Economic effects of treatment of chronic kidney disease with low-protein diet
Francesco Saverio Mennini (),
Simone Russo (),
Andrea Marcellusi (),
Giuseppe Quintaliani () and
Denis Fouque ()
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Simone Russo: ISPESL
Giuseppe Quintaliani: Departments of Nephrology Dialysis and Cardiology, Silvestrini Hospital, Perugia
Denis Fouque: Dept Nephrology,Centre Hospitalier Lyon Sud, Center for European Nutrition and Safety, Université de Lyon, France
No 292, CEIS Research Paper from Tor Vergata University, CEIS
Background: Several clinical studies have shown that a low protein diet in patients with Chronic Kidney Disease (CKD), delays the natural progression of the end stage renal disease (ESRD) and the necessary treatment of chronic dialysis. The aim of this study is to estimate the cost-effectiveness of a low protein diet compared with no dietary treatment in patients with CKD stage 4 and 5 after 2, 3, 5 and 10 years. Methods: A Markov model was developed to estimate costs and QALYs associated with low protein diet versus no treatment for patients with CKD stage 4-5. The transition probability was estimated on data from seven studies which determined the efficacy of low protein diets in delaying the need to start maintenance dialysis. The Quality Adjusted Life Years (QALYs) scores used were estimated with the Time Trade Off technique. The annual cost of dialysis per patient was estimated to be approximately €34,072. The costs of a low-protein diet was €1,440 per patient per year in the Lazio Region (conservative assumptions). Results: Treatment with a low-protein diet was more effective in terms of QALYs: the difference was always in favour of dietary treatment from a 0.09 QALYS after the first two years, 0.16 after three years, 0.36 after five years and up to a differential of 0.93 year after the first 10 years of treatment. In terms of cost-effectiveness, the dietary treatment was always dominant in all intervals considered. The dominance is due to the fact that the treatment is more effective in terms of QALYs and at the same time is less expensive. Conclusion: The results of these simulations indicate that the treatment of CKD patients with a low protein diet is cost effective relative to no-treatment in an Italian setting. Further studies should test this model in other countries with different dialysis costs and dietary support.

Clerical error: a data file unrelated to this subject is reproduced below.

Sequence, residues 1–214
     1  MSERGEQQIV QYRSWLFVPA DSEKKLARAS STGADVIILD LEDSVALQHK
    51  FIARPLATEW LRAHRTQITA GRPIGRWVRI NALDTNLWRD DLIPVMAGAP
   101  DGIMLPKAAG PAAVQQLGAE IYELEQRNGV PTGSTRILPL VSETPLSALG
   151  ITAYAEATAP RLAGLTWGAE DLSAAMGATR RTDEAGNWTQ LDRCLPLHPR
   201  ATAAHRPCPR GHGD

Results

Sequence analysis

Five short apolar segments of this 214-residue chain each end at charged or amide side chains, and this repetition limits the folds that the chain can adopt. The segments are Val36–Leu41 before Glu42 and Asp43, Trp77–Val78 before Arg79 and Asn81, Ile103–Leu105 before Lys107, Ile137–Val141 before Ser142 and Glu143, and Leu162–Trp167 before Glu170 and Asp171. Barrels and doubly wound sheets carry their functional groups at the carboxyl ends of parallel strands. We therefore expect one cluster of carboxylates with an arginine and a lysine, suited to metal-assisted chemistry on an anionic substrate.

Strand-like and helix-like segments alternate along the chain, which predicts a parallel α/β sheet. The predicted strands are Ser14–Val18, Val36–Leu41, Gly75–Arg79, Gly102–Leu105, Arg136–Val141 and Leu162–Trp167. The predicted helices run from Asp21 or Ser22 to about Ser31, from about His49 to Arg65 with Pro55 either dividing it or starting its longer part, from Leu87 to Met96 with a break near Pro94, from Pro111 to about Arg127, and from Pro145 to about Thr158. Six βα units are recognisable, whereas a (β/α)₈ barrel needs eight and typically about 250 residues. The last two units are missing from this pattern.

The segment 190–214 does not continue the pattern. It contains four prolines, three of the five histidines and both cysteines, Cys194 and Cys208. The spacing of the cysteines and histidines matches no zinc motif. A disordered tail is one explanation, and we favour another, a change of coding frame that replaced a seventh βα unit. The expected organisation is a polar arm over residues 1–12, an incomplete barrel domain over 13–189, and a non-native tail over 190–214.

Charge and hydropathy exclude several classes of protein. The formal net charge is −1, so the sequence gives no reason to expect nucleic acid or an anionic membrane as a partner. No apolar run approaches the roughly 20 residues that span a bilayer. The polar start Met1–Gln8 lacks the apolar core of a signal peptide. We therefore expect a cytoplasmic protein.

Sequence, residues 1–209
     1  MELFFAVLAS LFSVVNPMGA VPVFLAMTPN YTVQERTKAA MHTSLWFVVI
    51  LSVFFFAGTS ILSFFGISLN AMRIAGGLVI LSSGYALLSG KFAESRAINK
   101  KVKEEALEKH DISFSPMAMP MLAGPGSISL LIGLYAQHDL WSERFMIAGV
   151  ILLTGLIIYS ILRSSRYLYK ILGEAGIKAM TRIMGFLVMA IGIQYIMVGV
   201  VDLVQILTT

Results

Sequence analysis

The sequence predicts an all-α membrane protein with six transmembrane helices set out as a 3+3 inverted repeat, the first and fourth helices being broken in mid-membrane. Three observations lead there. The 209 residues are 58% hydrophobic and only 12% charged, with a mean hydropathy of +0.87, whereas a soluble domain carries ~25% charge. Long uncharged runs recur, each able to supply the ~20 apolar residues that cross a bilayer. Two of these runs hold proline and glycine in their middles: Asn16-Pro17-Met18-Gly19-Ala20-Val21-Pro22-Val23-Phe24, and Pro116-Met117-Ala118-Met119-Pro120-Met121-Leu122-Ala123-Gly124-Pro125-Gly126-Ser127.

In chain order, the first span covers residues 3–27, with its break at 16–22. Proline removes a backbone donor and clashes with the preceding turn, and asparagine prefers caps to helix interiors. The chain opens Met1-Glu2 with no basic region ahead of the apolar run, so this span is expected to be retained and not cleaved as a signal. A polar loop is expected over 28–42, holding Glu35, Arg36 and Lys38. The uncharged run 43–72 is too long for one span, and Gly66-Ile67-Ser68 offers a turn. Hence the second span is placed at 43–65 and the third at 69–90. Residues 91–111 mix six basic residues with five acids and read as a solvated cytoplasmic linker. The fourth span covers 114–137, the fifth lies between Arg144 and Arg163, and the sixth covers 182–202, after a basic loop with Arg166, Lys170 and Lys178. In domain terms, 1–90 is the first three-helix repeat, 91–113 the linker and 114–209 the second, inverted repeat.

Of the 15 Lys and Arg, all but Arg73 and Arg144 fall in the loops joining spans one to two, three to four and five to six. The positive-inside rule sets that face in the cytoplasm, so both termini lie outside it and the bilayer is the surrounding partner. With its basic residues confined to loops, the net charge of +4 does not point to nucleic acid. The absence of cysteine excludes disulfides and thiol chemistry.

Pages: 20 pages
Date: 2013-10-10, Revised 2013-10-10
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